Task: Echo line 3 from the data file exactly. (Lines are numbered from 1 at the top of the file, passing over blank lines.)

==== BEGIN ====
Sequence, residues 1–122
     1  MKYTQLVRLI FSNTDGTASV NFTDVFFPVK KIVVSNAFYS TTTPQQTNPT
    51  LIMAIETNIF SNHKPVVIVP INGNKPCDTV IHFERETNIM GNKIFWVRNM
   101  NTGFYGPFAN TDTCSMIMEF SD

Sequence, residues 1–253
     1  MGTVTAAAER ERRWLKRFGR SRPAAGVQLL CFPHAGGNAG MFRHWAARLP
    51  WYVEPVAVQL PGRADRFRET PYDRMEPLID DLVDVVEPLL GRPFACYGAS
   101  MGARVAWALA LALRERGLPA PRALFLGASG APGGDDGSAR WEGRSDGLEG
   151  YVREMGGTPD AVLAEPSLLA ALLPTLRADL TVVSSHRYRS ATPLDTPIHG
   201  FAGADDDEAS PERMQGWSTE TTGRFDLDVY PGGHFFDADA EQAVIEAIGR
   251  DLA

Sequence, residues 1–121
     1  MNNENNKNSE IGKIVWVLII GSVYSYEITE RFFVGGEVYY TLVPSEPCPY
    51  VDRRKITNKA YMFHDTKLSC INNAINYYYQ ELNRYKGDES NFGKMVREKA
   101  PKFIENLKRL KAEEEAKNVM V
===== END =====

    51  LIMAIETNIF SNHKPVVIVP INGNKPCDTV IHFERETNIM GNKIFWVRNM